Gum Disease

Cosmetic Dentist Serving Lakewood, Denver, Golden & Nearby Colorado

Gum disease is a progressive infection of the gums. In its early stages, gum disease can be treated by getting back-on-track with a proper oral hygiene routine and cleanings from your dentist. In its later stages, the condition may require more specialized treatment by your dentist to stop its progression.

An experienced dentist in Denver, Colorado, Dr. Scott Greenhalgh is committed to achieving your best oral health. He can provide gum disease treatment along with other general dentistry services. For help maintaining or improving your gum health, please call 303-988-9060 today.

What Is Periodontal Disease?

Gum disease is also called periodontal disease, and it has two stages:

  • Gingivitis: Bacteria in plaque cause your gums to become inflamed.
  • Periodontitis: Your gums pull away from your teeth. The resulting pockets can become infected by the bacteria in plaque.

What are the causes of gum disease?

Poor dental hygiene is the main cause of gum disease. As plaque builds up around the teeth and gums, the bacteria in the plaque will get stuck beneath the flap of the gum tissue. Lodged there in the tissue it begins to create inflammation and infection, which signifies the presence of gum disease.

What Are the Symptoms of Gum Disease? 

Early gum disease rarely causes symptoms. Later stages of the infection may cause red-purple gums that bleed easily, chronic bad breath; tender, swollen gums and loose teeth. Periodontitis develops only if gingivitis remains untreated.

If periodontitis continues to progress untreated, the bone and ligaments supporting your teeth break down. Eventually, your teeth can become loose within their bone sockets and may ultimately fall out.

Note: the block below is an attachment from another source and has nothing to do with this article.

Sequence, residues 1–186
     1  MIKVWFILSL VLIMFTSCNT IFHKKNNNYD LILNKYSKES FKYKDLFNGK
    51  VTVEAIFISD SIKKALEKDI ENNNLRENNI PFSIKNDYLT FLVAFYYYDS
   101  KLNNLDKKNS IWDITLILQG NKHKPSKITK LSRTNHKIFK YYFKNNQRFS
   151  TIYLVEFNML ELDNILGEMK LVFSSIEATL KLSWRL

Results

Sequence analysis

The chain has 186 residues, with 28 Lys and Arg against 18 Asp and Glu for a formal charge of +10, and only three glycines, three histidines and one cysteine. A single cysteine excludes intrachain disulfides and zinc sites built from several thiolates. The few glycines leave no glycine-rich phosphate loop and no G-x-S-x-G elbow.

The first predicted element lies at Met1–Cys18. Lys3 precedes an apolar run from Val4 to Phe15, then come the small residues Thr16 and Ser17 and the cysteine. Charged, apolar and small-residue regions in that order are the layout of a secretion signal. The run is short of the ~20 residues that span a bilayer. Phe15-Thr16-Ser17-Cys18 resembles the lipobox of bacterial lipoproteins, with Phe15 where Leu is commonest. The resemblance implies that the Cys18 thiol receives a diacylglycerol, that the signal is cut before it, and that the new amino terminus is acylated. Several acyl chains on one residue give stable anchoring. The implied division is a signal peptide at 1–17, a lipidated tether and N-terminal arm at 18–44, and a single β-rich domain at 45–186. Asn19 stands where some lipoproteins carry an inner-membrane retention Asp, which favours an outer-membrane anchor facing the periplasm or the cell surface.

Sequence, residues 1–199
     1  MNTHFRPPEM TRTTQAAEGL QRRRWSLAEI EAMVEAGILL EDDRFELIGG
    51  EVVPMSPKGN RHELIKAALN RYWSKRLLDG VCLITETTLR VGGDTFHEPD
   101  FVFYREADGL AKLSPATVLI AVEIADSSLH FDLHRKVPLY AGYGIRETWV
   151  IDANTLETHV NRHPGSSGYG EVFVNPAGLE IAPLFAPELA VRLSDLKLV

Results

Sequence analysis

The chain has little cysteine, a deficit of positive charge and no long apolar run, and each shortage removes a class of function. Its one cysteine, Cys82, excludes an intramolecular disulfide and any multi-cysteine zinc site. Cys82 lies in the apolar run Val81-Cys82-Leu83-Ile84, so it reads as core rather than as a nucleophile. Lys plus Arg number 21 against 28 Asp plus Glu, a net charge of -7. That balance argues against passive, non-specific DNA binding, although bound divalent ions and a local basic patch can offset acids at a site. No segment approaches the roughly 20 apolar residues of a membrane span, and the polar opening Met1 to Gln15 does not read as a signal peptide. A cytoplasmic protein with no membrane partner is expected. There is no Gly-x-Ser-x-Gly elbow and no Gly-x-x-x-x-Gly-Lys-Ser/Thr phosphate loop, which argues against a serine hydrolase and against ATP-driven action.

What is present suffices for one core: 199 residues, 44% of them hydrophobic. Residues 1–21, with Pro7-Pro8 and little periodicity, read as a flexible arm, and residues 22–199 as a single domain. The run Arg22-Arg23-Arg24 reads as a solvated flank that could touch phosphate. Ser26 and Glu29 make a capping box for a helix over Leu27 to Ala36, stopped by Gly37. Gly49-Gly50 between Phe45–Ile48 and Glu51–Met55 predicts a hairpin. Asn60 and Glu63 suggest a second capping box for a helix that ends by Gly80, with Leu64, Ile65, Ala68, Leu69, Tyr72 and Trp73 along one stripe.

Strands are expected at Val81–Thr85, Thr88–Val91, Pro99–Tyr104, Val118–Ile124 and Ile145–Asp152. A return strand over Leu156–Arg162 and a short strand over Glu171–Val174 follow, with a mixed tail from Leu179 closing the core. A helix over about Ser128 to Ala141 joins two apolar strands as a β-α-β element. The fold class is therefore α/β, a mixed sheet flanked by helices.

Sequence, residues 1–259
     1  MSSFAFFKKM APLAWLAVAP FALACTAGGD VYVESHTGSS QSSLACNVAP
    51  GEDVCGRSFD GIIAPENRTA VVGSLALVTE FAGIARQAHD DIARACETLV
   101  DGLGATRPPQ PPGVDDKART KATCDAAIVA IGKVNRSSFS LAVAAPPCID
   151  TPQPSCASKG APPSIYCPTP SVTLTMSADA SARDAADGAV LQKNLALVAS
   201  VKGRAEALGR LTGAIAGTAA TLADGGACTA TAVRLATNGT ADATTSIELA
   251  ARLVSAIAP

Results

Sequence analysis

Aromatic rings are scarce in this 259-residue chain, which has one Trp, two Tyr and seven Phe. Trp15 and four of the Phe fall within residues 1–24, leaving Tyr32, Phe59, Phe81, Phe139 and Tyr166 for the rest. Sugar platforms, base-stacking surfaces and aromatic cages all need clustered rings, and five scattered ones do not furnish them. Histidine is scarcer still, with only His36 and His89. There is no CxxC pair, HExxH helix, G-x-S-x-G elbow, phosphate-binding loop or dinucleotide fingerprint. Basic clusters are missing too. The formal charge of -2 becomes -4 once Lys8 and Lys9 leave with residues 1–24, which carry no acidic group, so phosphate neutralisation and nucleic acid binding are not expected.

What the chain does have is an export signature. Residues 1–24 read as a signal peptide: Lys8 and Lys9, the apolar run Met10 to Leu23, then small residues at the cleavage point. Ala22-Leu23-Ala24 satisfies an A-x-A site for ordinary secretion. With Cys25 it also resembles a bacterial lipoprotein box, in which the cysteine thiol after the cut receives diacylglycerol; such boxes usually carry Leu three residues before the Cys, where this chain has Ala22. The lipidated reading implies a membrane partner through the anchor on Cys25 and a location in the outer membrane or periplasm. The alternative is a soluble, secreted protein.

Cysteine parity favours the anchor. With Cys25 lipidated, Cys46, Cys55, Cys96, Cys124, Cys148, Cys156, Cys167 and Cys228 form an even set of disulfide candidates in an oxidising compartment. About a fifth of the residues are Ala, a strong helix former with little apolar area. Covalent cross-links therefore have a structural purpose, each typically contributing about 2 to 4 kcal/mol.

Throughout the stages of gum disease, Dr. Greenhalgh can intervene to stop the progression of the disease and prevent tooth loss.

Can my teeth be saved if I have periodontal disease?

Yes, oftentimes teeth can be saved even if you have periodontal disease. It is true that in the most advanced stages, gum disease may require a tooth to be removed in order to re-establish oral health. But there are treatments that can be performed before tooth extraction becomes necessary. It’s important to go to your regularly scheduled dental check-ups so that treatments – when necessary – can be provided in early stages of dental problems.

What are the stages of gum disease?

Gum disease can most easily be categorized by gingivitis and periodontitis. The former is marked by:

  • Swollen gums
  • Bleeding gums
  • Gums that have shrunk back (recession)
  • Red, inflamed gums

As the condition progresses to periodontitis, the gum recession will worsen. The inflammation may spread to the bone beneath the teeth. The teeth may become loose and wobbly. It’s generally a more advanced form of gum disease.

There are stages within gingivitis and periodontitis. As an experienced dentist, Dr. Scott Greenhalgh can determine how to intervene to treat the stage of inflammation that you are experiencing.

What Our Patients Have to Say

"Dr. Greenhalgh has been our dentist for more than 10 years. He was referred by the Bruce Family, who are very close friends. We enjoy our care with the facility. Although we have moved to Arvada, we do not mind going out of our way to get the constant good dental care we have had all these years. Congratulations on any award you receive, Dr. Greenhalgh. You surely will receive our business now and in the future."